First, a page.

by Ewa Nowogorski
In the USA, foreigners, tourists, and temporary residents can walk around in public without worrying about carrying their identification everywhere, but this is not the case in Japan. The police here have a right to stop foreigners at any time and ask them to show their residence card or passport without a reason. If you are caught without your ID, you can get into a bit of trouble. You might be taken to a police station, fined, and or jailed even. Sometimes, the police officer who stops you will escort you all the way to your house if you forgot it there, and wait in your genkan until you can show the residence card and prove that you are staying in the country legally. If you cannot provide your residence card or passport, then you will undoubtedly be deported from the country, and you could be banned from re-entry for many years depending on the circumstances behind the lack of legal documents.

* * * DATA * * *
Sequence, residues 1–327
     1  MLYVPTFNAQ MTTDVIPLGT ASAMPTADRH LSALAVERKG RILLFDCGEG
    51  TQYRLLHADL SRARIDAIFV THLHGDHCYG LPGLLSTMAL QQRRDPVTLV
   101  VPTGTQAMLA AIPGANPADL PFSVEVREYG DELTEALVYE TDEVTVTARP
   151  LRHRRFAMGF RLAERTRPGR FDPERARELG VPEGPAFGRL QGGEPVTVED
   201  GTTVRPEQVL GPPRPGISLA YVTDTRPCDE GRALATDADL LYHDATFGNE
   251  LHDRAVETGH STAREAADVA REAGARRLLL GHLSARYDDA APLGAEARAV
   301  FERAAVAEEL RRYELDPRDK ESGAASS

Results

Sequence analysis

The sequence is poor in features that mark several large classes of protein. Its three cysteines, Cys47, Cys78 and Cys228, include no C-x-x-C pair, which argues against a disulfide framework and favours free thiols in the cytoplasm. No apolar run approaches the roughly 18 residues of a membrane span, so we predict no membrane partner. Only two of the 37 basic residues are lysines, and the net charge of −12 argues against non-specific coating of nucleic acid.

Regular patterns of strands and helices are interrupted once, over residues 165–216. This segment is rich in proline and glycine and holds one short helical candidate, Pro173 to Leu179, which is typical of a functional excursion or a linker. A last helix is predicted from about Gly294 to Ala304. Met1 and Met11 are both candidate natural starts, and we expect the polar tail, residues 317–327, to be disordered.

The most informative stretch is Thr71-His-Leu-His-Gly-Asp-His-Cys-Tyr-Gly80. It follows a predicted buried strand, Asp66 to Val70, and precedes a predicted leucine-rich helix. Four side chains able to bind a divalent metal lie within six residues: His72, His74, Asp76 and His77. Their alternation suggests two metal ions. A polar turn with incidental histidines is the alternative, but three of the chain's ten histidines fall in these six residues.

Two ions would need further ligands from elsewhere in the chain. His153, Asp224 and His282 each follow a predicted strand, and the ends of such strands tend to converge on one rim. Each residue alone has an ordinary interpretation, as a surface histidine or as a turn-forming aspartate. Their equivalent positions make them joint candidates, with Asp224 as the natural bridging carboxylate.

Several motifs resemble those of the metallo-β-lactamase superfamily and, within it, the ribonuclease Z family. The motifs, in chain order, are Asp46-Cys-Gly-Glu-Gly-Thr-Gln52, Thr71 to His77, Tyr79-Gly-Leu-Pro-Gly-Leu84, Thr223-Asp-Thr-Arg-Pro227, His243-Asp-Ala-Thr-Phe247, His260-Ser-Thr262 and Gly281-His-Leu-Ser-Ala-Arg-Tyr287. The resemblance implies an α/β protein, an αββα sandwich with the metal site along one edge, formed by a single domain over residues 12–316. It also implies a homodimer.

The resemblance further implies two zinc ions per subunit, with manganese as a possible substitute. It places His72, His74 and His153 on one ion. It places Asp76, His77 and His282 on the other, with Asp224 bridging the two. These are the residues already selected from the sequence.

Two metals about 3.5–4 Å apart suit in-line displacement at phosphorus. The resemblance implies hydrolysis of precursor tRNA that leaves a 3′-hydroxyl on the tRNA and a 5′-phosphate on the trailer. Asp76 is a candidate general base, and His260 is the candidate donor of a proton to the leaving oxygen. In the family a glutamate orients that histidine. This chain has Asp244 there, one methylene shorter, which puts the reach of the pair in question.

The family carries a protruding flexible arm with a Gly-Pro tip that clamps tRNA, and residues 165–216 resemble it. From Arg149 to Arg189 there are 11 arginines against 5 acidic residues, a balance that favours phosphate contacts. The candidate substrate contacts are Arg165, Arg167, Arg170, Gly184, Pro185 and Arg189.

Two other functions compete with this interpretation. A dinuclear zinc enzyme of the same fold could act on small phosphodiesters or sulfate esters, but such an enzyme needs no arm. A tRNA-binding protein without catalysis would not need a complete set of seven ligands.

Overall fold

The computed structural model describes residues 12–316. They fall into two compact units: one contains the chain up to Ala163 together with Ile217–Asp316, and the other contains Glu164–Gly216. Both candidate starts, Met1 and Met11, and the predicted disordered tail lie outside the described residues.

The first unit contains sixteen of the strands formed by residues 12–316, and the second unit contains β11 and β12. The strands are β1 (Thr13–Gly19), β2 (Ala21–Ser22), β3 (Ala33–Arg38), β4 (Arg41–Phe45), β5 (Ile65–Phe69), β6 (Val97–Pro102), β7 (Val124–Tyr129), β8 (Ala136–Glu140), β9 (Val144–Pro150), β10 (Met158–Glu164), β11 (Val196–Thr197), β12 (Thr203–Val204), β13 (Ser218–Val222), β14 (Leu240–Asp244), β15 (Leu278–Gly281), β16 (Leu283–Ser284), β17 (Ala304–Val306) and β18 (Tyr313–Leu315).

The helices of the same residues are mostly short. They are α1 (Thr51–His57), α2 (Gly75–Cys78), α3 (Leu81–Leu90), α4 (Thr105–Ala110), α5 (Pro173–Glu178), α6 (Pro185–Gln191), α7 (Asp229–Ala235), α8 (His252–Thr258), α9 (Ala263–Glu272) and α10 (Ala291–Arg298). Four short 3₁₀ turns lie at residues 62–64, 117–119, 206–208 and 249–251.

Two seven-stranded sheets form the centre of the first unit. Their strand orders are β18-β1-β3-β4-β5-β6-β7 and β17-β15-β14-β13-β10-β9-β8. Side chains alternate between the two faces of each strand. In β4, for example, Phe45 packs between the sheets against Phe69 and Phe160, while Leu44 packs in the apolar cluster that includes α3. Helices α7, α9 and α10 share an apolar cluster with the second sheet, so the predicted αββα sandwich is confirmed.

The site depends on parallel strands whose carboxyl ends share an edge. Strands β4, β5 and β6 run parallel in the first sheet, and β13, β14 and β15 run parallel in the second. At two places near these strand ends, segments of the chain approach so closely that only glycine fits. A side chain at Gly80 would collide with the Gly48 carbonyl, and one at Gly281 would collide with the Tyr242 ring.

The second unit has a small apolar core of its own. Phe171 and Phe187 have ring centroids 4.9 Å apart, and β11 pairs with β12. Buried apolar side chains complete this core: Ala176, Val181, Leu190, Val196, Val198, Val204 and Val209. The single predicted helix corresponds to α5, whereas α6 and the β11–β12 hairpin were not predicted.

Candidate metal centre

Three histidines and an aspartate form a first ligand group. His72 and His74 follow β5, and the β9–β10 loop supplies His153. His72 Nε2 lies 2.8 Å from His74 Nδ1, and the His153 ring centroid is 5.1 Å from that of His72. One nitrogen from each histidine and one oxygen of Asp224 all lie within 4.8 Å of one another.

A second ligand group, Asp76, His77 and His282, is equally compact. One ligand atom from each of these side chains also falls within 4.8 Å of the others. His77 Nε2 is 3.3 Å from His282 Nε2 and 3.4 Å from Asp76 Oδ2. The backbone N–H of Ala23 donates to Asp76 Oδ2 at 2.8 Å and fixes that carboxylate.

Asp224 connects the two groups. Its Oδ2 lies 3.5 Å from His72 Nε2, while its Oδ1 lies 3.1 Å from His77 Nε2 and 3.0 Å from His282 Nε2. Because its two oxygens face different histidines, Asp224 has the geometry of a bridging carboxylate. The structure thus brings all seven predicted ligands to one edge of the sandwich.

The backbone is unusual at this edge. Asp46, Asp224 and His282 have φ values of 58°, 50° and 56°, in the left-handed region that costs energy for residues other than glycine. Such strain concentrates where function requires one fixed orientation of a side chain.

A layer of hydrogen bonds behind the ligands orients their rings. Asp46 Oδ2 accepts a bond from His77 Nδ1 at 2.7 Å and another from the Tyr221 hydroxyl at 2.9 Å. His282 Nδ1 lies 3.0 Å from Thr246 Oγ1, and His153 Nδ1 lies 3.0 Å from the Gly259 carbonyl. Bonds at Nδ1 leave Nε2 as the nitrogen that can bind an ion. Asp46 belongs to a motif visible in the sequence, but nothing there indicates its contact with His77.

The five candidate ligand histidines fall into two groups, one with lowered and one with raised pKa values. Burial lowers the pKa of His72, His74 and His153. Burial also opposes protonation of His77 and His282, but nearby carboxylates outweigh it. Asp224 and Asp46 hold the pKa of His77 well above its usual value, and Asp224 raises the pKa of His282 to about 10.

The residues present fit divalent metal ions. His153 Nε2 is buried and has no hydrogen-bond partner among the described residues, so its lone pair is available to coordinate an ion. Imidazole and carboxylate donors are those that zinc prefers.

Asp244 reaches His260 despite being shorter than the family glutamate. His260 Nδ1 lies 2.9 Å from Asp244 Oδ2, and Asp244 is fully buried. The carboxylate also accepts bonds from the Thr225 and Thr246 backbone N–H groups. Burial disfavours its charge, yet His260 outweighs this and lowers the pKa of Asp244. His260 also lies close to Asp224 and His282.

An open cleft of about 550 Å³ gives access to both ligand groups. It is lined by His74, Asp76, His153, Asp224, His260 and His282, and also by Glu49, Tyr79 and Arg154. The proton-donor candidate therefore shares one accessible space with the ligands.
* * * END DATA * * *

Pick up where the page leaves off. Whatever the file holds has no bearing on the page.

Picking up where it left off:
This may come as obvious, but you should also not carry another person’s documents on you. If you are found to be carrying another foreigner’s residence card, you may be assumed to have stolen it from them or using their identity falsely. This is usually treated more seriously, so be careful not to do it, even if you are honestly carrying something for family or a friend.
After renewing your residence card, your immigration office will return your old one when giving you your new one, but the old card will have a hole punched through it, and it will therefore be obvious that the card is no longer valid.